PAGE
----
There were those who said that they had seen him, too. Simon, for one, though we don’t know the details. And Cleopas came with that rather unlikely story that he and a friend had walked with Jesus along the Emmaus Road, their minds still numb from grief - numb to the point of not really seeing the man who had joined them. They had talked, and finally invited this remarkable stranger to spend the night B just an act of ordinary hospitality from their perspective for it was getting late. Yes, there was something different about this stranger. Their hearts had burned within them as he exposed the Scriptures to them regarding the Christ.

It had taken his blessing and his breaking of bread for them finally to recognize Him. And there He was!  He had been there all the time - on the road, in the discussion, and at the table!  It must have been a time of real doubt, of minds that were in utter turmoil when they first recognized their guest. Their disbelief of the stranger’s ignorance of recent events had been followed by disquieting intuition, and then suddenly, there was that flash of recognition! How can this be? These things don’t happen in our day! Do they?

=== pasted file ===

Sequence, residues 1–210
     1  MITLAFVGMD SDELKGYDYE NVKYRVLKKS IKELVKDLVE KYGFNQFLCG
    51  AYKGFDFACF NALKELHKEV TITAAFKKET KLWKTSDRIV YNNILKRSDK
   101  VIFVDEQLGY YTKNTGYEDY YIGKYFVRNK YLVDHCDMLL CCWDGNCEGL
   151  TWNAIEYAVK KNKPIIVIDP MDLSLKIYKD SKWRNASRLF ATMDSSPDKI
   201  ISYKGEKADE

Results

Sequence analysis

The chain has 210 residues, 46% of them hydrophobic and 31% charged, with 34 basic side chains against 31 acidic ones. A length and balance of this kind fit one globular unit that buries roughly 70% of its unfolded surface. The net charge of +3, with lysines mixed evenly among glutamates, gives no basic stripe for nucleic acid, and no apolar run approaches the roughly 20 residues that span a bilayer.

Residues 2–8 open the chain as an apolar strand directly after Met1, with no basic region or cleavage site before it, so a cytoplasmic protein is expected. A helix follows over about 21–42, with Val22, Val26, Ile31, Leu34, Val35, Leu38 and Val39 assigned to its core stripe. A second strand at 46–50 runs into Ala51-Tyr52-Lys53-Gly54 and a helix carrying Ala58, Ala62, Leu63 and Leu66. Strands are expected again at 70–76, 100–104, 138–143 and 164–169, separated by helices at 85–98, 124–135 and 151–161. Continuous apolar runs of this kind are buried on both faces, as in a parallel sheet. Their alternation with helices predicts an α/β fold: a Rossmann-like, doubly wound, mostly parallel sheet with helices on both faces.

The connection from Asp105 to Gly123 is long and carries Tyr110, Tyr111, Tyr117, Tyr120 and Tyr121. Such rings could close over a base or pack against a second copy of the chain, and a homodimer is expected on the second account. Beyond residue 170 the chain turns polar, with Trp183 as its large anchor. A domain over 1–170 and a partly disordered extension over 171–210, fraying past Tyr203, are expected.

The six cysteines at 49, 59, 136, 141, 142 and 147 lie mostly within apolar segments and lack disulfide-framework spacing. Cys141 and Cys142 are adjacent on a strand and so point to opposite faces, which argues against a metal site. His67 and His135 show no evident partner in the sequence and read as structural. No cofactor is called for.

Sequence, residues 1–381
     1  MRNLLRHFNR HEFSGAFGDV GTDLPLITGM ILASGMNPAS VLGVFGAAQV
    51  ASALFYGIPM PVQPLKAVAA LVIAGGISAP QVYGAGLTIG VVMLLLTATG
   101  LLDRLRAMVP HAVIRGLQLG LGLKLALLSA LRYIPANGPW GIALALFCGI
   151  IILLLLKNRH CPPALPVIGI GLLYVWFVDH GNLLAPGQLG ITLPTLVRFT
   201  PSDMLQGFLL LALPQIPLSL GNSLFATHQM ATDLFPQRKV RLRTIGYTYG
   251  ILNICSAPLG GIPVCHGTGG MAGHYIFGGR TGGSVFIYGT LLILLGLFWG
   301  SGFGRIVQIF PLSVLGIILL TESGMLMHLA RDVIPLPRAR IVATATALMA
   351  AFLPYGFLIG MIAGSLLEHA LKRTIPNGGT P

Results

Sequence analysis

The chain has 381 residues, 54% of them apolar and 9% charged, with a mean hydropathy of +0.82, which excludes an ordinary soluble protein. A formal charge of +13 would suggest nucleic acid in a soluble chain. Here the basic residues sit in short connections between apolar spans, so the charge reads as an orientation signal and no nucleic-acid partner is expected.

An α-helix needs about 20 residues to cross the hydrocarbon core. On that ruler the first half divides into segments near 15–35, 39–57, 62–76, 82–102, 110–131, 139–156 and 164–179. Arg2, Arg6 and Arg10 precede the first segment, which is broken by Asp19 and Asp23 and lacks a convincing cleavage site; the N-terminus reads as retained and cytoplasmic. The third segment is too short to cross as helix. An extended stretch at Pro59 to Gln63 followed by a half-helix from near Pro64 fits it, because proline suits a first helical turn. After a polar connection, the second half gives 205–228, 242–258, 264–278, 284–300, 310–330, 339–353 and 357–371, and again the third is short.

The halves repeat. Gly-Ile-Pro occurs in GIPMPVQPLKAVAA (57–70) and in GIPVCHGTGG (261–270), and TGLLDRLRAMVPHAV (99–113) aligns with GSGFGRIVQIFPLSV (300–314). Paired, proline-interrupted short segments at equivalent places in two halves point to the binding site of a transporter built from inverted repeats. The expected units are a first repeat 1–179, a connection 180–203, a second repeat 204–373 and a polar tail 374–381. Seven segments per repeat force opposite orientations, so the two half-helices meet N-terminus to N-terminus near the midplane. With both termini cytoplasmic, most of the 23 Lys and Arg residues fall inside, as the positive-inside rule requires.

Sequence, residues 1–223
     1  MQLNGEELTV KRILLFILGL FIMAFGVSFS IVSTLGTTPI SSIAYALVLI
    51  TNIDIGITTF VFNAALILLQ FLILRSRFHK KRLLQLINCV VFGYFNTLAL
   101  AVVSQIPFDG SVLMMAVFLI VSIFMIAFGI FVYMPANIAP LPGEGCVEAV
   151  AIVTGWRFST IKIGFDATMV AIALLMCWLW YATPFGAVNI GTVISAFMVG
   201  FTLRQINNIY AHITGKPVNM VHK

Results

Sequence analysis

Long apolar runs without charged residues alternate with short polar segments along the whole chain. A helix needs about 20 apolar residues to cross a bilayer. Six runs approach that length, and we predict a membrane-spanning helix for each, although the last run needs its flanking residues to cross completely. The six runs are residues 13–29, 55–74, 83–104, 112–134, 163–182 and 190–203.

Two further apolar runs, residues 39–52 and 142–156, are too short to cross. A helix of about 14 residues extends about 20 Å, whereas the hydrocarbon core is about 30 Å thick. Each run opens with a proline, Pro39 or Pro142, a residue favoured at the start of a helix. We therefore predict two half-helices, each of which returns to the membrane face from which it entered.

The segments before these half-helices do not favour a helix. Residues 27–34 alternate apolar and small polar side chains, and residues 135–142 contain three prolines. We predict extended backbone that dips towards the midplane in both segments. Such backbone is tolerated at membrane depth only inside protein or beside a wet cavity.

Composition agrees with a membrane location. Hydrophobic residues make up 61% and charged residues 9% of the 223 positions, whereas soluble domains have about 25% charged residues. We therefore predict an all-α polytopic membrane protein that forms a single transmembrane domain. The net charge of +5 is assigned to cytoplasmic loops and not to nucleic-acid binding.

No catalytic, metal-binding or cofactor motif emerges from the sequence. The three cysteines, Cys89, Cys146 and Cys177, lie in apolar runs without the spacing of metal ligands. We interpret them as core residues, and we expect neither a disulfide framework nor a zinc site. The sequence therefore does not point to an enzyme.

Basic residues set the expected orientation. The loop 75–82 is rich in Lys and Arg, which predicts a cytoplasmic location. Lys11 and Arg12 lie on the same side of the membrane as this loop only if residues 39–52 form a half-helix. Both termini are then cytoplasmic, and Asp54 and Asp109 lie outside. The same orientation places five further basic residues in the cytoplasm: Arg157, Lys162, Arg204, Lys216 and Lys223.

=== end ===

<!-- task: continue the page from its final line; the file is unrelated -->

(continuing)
Witnesses! What good are they when no one believes them? If ever you have sat on a jury in a criminal case, you will know that witnesses play a very important role in the process of discovering the truth. An accusation has been made. Someone has been arrested. Charges have been filed. And you must decide whether the evidence is sufficient to find the defendant guilty of the crime that has been charged.

Witnesses in the form of evidence may be largely intangible to the jury, like the logic that finds a motive, or fingerprints that signify a presence, or the mysteries of DNA that link a person to something else. Witnesses in the form of evidence can be more tangible if photographs have been taken, recordings made, a body has been found, or a weapon that can be linked both to the defendant and the crime are presented.